A catalogue of Western manuscripts at the Bodleian Libraries and selected Oxford colleges

MS. Hatton 20

Summary Catalogue no.: 4113

Gregory the Great, Pastoral Care, in the Old English translation attributed to King Alfred; England (perhaps Winchester), 890 × 897


Summary of Contents: The Pastoral Care is believed to be the earliest of the translations from Latin associated with King Alfred, who has been called 'the father of English prose'. This is the only manuscript to survive largely complete from Alfred's time. It was the copy sent by the king to Bishop Wærferth of Worcester, and remained in Worcester until the seventeenth century.
Gregory the Great, Pastoral Care

In the Old English (West Saxon) translation attributed to King Alfred

H. Sweet, King Alfred's West-Saxon Version of Gregory's Pastoral Care, 2 vols., EETS 45, 50 (London) [repr. 1958]
(fol. 1r)
Inscription (Cameron B16.23.2)
(fols 1r-2v)
Alfred's letter to Wærferth (Cameron B9.1.1)
Incipit: (fol. 1r ) Ælfred kyning hateð gretan ƿærferð biscep
Explicit: (fol. 2v) forðy ic ƿolde | ðætt hier ealneg æt ðære stoƿe ƿæren. buton se biscep hie mid him | habban ƿille. oððe hio hƿær to læne sie. oððe hƿa oðre biƿrite:
(fol. 2v)
Metrical preface (Cameron A36)
Incipit: (fol. 2v) Þis ærendgeƿrit agustinus. ofer sealtne sæ suðan gebrohte | iegbuendum sƿa hit ær fore Adihtode dryhtnes cempa rome | papa
Explicit: (fol. 2v) forðæm he his sume ðorfton ða ðe lædenspræ | ce læste cuðon
(fols 3r-5v)
Table of contents (Cameron B.9.1.2)
Incipit: ( fol. 3r) i Ðætte unlærede ne dyrren underfon larioƿdom
Explicit: (fol. 5v) Ðonne hƿa ðis eall gefylled hæbbe hu he ðonne sceal hine selfne ge | ðencean ˥ ongætan ðylæs hine auðer oððe his lif oððe his lar to upa | hebbe.
(fols 6r-98r)
Pastoral Care (Cameron B9.1.3)
Incipit: (fol. 6r) ÞV leofustra broður suiðe freondlice ˥ suiðe fremsumlice ðu me tæl | desð
Explicit: (fol. 98r) Ac ic ðe bidde ðæt ðu | me on ðæm scipgebroce ðisses andƿeardan lifes sum bred geræce ðin | ra gebeda ðæt ic mæge on sittan oð ic to londe cume ˥ arær me mið ðære | honda ðinra geearnunga forðæm me hæf gehefegad sio byrðen min | ra agenra scylda.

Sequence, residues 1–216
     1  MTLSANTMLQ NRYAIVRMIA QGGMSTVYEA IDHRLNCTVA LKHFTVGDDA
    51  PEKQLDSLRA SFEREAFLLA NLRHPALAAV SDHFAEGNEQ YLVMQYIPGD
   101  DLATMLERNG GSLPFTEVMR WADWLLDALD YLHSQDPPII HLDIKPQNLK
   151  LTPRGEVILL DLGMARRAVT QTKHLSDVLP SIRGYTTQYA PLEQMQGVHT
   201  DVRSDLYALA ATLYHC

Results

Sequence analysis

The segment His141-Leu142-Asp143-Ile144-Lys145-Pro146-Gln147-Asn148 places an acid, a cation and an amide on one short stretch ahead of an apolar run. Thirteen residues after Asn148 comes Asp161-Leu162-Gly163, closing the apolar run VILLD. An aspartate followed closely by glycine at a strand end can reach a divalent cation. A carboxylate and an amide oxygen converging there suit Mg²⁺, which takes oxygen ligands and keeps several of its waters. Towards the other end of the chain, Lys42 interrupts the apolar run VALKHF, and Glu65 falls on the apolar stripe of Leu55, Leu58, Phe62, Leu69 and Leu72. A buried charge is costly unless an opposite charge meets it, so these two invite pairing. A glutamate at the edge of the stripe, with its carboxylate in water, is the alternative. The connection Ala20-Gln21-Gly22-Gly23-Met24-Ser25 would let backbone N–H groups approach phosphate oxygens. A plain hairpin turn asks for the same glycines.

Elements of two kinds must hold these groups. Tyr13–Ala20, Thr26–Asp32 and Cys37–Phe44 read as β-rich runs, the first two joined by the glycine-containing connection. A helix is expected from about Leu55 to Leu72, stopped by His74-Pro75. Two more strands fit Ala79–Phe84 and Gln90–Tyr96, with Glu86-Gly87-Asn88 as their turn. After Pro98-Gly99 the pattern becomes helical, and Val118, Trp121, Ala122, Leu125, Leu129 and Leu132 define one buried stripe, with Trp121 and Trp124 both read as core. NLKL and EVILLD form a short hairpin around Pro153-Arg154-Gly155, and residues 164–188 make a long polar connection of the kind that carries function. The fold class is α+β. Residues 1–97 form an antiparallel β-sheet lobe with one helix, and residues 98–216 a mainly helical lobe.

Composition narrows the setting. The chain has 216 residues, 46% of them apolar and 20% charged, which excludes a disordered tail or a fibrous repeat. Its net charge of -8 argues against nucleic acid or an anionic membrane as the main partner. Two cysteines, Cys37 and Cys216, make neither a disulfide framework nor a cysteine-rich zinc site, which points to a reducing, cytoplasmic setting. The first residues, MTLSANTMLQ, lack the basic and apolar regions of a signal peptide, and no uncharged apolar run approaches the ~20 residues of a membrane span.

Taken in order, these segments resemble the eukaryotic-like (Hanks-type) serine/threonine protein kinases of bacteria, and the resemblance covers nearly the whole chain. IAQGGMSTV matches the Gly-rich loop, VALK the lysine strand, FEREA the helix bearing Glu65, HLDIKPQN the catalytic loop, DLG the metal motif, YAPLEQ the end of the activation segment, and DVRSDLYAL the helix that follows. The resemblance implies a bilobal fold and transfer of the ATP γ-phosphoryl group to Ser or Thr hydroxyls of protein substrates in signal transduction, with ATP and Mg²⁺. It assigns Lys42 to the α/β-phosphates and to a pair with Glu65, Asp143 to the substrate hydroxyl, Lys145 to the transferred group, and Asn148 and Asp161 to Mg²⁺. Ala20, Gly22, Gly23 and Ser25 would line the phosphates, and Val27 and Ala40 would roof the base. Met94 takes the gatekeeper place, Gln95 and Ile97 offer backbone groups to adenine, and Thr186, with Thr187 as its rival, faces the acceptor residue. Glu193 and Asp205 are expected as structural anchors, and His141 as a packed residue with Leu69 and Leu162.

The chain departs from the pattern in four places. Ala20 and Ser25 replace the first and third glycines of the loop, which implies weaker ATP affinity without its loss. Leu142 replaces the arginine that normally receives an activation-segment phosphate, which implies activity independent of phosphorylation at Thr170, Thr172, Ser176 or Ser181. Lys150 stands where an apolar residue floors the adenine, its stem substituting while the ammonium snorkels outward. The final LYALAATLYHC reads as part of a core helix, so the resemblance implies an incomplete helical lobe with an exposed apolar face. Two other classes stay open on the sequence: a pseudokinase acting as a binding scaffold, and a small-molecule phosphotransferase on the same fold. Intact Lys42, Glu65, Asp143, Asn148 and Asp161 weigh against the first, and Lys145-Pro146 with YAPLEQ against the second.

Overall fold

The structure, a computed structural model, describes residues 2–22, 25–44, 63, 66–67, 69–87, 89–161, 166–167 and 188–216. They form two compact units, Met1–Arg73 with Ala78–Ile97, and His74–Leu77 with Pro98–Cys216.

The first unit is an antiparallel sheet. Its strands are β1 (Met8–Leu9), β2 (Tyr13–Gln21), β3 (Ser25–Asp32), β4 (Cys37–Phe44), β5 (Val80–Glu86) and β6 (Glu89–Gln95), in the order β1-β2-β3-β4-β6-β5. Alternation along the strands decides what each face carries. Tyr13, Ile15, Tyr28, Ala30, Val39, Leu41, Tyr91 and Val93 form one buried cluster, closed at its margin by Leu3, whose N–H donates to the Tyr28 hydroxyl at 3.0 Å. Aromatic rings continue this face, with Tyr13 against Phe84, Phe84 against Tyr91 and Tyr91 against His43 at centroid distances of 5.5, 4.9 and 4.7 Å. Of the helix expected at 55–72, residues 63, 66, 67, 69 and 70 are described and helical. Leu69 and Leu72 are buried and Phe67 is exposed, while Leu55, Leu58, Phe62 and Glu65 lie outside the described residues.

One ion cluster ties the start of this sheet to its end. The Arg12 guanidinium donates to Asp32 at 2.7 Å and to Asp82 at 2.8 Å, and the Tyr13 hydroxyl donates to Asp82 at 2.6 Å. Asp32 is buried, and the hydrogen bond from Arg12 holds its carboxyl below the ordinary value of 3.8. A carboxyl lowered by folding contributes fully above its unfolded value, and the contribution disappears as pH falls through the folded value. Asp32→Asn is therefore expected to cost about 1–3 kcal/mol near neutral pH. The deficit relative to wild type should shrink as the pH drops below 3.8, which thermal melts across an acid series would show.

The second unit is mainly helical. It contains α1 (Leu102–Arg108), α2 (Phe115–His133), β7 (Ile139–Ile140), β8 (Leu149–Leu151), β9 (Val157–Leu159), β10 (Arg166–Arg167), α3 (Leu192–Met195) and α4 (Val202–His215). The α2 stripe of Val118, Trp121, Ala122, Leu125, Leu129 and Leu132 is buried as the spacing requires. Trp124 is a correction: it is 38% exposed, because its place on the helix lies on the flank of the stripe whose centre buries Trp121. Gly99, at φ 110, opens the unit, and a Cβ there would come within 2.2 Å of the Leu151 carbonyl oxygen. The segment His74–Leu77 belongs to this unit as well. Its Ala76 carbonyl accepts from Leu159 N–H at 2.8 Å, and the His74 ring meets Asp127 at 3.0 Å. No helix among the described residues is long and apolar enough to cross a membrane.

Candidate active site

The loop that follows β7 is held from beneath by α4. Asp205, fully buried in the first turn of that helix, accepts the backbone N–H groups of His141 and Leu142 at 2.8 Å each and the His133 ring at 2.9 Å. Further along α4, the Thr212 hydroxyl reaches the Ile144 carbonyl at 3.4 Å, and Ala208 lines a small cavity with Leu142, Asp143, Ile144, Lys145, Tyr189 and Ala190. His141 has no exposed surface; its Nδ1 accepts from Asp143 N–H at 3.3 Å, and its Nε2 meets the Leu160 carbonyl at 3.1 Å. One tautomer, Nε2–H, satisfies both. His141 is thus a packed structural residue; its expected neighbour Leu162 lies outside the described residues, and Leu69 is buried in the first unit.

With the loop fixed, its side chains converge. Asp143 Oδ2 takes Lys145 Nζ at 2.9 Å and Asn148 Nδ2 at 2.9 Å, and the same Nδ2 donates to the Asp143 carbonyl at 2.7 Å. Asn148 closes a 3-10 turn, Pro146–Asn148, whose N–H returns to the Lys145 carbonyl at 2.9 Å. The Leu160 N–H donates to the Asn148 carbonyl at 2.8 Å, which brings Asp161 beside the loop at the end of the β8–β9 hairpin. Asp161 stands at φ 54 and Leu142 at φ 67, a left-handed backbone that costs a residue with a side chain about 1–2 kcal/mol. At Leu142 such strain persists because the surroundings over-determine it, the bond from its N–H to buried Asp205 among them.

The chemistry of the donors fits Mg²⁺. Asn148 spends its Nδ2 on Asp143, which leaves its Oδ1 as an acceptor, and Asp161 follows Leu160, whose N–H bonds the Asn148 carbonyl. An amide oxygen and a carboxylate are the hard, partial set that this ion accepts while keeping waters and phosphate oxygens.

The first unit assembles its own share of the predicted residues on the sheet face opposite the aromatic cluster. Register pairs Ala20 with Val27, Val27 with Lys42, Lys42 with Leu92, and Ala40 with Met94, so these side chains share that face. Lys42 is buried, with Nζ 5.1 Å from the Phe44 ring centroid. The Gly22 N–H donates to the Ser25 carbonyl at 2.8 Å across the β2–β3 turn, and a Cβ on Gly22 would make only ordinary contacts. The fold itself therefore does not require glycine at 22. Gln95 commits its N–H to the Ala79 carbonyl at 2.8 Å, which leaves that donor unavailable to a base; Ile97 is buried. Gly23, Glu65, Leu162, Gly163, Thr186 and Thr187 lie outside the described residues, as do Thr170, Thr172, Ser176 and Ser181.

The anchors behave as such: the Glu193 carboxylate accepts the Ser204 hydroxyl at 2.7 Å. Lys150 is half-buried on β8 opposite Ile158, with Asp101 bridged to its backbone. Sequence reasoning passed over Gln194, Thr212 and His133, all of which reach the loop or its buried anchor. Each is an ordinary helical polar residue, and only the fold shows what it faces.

A leaf lost after fol. 41, containing part of ch. 33 (extracts made by Jocelyn in the 16th century, when the leaf was still extant, are in Lambeth Palace MS. 692); the present fol. 42 supplied by Junius, who copied the missing text from British Library MS. Cotton Tiberius B. IX.

(fol. 98r)
Metrical epilogue (Cameron A37)
Incipit: (fol. 98r) Ðis is nu se ƿæterscipe ðe us ƿereda god to frofre gehet foldbuendum.
Explicit: (fol. 98r) oððe him lifes drync forloren weorðe
Language(s): Old English
(fols 53v and 55r, margins)
Scribbles, 12th century (Cameron B27.3.33)
"(fol. 53v) ƿillimot writ þus oððe bet"
"(fol. 55r) ƿrit þus oððe bet oððe þine hyde forlet"
Language(s): English
(fols. 1r-43r, 94v, 95)

Glosses by the Tremulous Hand of Worcester, 13th century

Language(s): Latin

Physical Description

Form: codex
Support: parchment
Extent: i (paper) + i (medieval parchment) + 41 + i (17th-century supply-leaf) + 56 + i (paper) leaves
Dimensions (leaf): c. 270-6 × 212-8 mm.
Dimensions (written): 205-225 × 157-175 mm.
Foliation: i, ii, 1-99


(fols. 1-41, 43-98:) 12 | 2-58, 68 wants 8 after fol. 41, 7-138. All folios in Quires 7 and 9 are singletons, and also folios 2 and 7 in Quire 6, and 3 and 6 in Quire 4 (Franzen 1998, p. 12).


Ruled on hair side for 21-31 long lines. Single bounding lines, but Quires 5-7 have double inner binding lines (Franzen 1998, p. 11).


One main hand, 'a pointed Anglo-Saxon minuscule' (Ker).

Another hand on fols. 6v, 8r, 12r-14r, 15r-v, 40r, 45b, 46v, 48v-49r, 49r-53v, 67v-69v, 98v (Ker).

A third hand supplies Alfred's preface on an independent quire of two leaves (Ker).

A fourth scribe wrote verses on fol. 2v (Watson).

Annotations in an 11th century hand in Alfred's preface, identified as the hand of Archbishop Wulfstan (D. Scragg, A conspectus of scribal hands writing English, 960-1100 (2012), no. 307).